McGill corresponded with the Press to tell us more about herself and her work in education, starting with some fast facts.
Favorite books: “There are so many. I love to read the same books that the students read at school. My favorite authors are Kristen Hannah and Jodi Picoult. I love biographies. My favorite biography is ‘Daniel Boone’ by Morgan.”
Favorite musician: George Strait
Honors: PTA Principal of the year in 2009, finalist for Principal of the Year in 2017-18
College: University of West Alabama
Can you tell us a bit about where you’re from and your college experience?
I am from Atlanta, Georgia. After high school, I married and moved to Alabama, where my husband Steve and I both attended college at West Alabama. I obtained my master’s there, as well, in elementary education. Because of his job, we moved frequently and I added credit hours to be able to teach special education and reading. I have taught every grade through seventh, including special education and pre-K.
What made you decide to work in education?
From my first memories, I knew I wanted to be a teacher. I knew that every teacher I had showed such care and kindness that I wanted to be able to pass that along. I started teaching in August 1973, and have not stopped since then. My husband and I had a very influential mentor who encouraged us to complete our education. We were both first-generation college graduates. I want to always show and assure that kind of encouragement to our students and their families.
What do you think makes this district special?
It is such an honor to be a part of Johnson City Schools. Because I have taught in six states, I know that Johnson City Schools is truly unique and wonderful. The support system both internally and externally cannot be surpassed. Internally, our system’s supervisors and superintendent (Steve Barnett) assure our success through their support and involvement. Externally, our school community and parental support are such a powerful and positive force that upholds our system to assure the success of our students.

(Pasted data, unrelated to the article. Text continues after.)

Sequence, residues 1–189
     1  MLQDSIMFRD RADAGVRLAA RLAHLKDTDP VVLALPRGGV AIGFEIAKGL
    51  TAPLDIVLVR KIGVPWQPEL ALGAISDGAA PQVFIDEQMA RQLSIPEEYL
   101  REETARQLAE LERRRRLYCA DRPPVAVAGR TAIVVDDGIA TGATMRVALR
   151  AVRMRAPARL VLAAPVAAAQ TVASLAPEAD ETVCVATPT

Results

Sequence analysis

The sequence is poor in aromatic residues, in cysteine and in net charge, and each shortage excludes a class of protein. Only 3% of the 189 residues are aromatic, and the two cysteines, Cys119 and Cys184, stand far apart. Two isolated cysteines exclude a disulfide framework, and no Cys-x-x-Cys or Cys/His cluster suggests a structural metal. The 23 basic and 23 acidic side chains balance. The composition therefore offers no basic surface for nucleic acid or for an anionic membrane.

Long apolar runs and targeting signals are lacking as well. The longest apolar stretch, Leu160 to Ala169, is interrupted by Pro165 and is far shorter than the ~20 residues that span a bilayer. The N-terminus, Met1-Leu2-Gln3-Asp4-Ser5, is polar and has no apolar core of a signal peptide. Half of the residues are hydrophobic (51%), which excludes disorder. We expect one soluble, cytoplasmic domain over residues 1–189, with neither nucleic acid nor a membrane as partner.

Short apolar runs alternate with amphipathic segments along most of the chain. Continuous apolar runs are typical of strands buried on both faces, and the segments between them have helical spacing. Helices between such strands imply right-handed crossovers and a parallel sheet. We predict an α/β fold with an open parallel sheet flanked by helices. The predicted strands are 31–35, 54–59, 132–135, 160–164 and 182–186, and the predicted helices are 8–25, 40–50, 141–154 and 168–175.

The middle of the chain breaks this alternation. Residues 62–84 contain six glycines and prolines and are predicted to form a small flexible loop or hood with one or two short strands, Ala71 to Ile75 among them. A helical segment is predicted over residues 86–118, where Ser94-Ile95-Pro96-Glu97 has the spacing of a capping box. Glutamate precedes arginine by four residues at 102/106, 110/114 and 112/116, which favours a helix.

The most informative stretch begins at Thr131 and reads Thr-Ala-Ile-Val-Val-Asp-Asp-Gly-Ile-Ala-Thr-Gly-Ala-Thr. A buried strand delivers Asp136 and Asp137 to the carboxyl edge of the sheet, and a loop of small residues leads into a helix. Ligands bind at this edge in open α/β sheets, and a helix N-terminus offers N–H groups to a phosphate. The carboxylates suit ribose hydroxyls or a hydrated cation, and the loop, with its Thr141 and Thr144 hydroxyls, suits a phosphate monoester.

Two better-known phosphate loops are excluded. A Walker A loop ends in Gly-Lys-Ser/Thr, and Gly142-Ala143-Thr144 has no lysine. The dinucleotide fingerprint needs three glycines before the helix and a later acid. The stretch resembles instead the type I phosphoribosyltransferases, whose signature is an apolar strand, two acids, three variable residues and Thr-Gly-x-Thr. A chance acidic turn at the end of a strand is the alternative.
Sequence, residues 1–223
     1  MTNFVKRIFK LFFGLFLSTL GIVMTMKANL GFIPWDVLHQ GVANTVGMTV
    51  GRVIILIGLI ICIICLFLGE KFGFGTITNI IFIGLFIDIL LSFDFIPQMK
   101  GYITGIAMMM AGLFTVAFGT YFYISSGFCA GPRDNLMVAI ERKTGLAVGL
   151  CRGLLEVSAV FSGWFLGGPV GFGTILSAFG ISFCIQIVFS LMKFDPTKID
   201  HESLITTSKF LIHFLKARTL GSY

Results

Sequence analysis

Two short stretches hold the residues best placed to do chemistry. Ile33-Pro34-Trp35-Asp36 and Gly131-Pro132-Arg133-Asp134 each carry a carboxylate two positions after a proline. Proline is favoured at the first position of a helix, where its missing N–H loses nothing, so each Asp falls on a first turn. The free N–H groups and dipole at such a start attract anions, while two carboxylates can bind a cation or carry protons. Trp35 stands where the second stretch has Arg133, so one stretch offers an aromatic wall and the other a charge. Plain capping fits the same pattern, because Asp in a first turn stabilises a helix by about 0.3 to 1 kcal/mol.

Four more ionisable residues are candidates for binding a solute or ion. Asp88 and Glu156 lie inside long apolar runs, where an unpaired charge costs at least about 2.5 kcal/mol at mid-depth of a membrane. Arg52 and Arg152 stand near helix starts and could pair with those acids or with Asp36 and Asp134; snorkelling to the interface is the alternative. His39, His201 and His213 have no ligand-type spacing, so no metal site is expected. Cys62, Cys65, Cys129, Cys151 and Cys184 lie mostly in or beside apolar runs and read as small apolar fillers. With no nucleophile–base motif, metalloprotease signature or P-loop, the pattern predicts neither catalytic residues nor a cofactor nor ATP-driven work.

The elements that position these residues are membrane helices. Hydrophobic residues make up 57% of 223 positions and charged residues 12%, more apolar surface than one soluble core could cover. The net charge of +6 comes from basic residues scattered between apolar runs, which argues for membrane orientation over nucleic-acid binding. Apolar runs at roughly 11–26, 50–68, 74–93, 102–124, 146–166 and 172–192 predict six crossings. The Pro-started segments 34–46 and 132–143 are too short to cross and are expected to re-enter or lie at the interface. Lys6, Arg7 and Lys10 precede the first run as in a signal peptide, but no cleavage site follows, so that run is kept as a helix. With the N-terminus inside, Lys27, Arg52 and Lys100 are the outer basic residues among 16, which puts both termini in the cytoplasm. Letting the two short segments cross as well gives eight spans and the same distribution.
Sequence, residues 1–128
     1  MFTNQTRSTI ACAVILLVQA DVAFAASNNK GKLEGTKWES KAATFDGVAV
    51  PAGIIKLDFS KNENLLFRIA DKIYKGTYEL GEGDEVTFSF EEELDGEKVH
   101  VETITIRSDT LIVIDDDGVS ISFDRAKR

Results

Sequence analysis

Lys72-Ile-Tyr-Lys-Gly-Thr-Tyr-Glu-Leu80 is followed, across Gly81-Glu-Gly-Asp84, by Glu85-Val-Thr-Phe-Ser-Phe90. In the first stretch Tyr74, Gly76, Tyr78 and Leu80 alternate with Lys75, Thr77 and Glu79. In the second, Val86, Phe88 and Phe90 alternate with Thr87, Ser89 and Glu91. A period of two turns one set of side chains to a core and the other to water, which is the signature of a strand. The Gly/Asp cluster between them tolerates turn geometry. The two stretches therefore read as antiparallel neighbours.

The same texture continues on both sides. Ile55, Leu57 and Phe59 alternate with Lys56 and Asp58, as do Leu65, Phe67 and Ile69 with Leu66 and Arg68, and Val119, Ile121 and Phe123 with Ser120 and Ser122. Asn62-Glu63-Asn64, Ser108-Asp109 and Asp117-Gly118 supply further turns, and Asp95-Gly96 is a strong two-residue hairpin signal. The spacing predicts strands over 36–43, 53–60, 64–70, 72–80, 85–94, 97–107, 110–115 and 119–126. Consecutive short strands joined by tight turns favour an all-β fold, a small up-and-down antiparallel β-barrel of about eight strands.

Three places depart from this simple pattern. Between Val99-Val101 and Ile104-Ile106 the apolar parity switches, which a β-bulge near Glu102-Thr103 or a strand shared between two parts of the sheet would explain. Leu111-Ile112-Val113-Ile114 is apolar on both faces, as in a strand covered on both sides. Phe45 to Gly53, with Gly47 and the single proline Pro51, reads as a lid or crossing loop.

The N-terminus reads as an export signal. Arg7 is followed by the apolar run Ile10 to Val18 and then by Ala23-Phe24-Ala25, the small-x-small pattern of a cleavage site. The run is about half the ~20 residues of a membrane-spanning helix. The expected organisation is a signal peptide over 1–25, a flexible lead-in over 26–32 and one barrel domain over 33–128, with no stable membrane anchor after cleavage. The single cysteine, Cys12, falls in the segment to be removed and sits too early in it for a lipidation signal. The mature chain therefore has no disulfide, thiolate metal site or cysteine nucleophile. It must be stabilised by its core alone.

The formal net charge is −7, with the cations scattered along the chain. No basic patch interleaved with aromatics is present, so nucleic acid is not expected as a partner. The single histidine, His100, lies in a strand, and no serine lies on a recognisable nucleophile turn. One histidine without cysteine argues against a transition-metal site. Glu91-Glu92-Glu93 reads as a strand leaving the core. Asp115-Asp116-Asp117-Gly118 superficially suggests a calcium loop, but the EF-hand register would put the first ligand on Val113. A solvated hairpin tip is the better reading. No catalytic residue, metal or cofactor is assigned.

What do you think are the biggest challenges in education today?
The increasing “political” aspect of education is both a challenge and a conflict. Because funding for quality educational systems depends on many entities, these groups can impede the effectiveness of teachers. Over the past several years, we have seen new governors and new state educational commissioners bring many changes to classrooms that require extensive training and time for implementation.
Do you see yourself doing anything else in the future? Do you have any plans moving forward?
I feel so blessed to have been able to be able to have a career that I am passionate about. Educators impact lives every day in powerful ways. I hope to continue to influence students to be lifelong readers and learners. I will be eternally grateful to Johnson City Schools for allowing me to have the best job in the world.